BEVERLY HILLS, California â€” After 10 years, nine films, five albums and one “Pimp”-ed out TV show, Xzibit has finally come Full Circle.
The 32-year-old rapper, who first blasted onto the scene with his lyrically charged
“I’ve definitely grown a lot as an individual, as a man, and as a father, and that perspective needs to be shared and put out there.” â€” Xzibit
Speed of Light in 1996, is about to drop his sixth studio album this summer.
“I’ve been making records [for so long], so to be able to do what I love and do it well, I gotta take it back to what I love to do,” X said recently of his upcoming, aptly titled LP, Full Circle.
“My perspective has definitely changed [over the years],” he added. “The things I used to say when I was 18, 19 or 20 aren’t the things I’m feeling now, you know? I’ve definitely grown a lot as an individual, as a man, and as a father, and that perspective needs to be shared and put out there.
“I think having powerful music that says something is a must for me [now],” explained X, who first tackled political issues on 2004’s Weapons of Mass Destruction (see “Xzibit Joins The Anti-Bush Fray With New LP, Compares Iraq To Detroit”). “So that’s what I plan to do with this record: shed some light on the growth that I’ve had so hopefully someone can relate and feel me.”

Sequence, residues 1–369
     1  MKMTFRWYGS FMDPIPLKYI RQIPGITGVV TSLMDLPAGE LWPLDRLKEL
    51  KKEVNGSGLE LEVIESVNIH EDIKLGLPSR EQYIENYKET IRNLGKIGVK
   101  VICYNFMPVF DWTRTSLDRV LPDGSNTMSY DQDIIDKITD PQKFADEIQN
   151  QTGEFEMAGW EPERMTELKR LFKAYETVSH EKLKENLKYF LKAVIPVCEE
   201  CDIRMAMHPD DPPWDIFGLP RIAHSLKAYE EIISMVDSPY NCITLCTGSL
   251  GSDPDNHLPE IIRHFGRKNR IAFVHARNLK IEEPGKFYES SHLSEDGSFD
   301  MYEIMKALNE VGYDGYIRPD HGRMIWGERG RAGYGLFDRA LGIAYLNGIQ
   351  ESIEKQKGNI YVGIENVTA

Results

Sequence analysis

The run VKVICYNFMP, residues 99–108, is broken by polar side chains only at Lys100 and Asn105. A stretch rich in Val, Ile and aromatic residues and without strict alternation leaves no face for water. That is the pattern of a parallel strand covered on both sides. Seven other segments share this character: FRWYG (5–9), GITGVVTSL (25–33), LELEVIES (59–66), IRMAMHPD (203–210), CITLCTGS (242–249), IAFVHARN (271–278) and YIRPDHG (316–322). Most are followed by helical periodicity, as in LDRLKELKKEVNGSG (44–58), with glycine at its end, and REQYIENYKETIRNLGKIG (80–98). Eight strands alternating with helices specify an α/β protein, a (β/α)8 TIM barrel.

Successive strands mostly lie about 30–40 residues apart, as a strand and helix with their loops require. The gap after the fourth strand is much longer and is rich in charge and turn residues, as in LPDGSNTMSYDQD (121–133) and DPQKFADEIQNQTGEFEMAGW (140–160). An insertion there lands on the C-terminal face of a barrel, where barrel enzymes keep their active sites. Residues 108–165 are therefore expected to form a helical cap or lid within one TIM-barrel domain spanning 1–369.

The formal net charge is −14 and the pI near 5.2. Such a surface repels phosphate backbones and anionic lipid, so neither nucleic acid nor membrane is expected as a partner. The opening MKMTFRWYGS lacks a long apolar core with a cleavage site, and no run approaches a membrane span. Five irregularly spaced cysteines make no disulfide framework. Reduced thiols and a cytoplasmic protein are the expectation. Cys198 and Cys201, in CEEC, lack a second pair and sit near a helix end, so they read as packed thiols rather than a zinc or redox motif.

X still won’t divulge too many details about the disc â€” like which producers he’s working with or who he might be teaming with in the recording booth â€” but he said there’ll be 17 tracks on it when it drops in August (see “Xzibit Far From Done With Music”).
As for his first single â€” well, let’s just say you probably won’t catch it on iTunes anytime soon. “Watch the mixtape circuit,” X said. “There’s so many ways for music to get out nowadays that the traditional way of just dropping a single before the record is out is obsolete.”
The hardcore-MC-turned-actor was among a handful of performers, including Tyrese, Macy Gray and Lauryn Hill, honored earlier this month at the Tinseltown to Gotham event in Beverly Hills for accomplishing what few of their contemporaries could: successfully crossing over into a mix of entertainment genres, including film, television and music.
“It feels good to be able to go from music to film and have a good transition and be given the opportunities I’ve been given,” Xzibit said backstage, donning a slick black tuxedo for the ceremony. “The roles I’ve had have worked out great for me, and tonight is just another stepping stone in the right direction.”
Of course, X attributes much of his breakout success and crossover appeal to his tricked-out MTV show, “Pimp My Ride,” which has been able to show a different, more personable side of him.
“That show really exposed a side of my personality you don’t get to see on rap videos or read [about] in magazines,” explained X, who helps kids transform their sad, weak wheels into pimped-out masterpieces on the show, now wrapping up its fifth season.
“There were decision-makers that watched that show, and the personality was there for them,” he said. “They gave me different chances and it just worked.”
â€” Brandee J. Tecson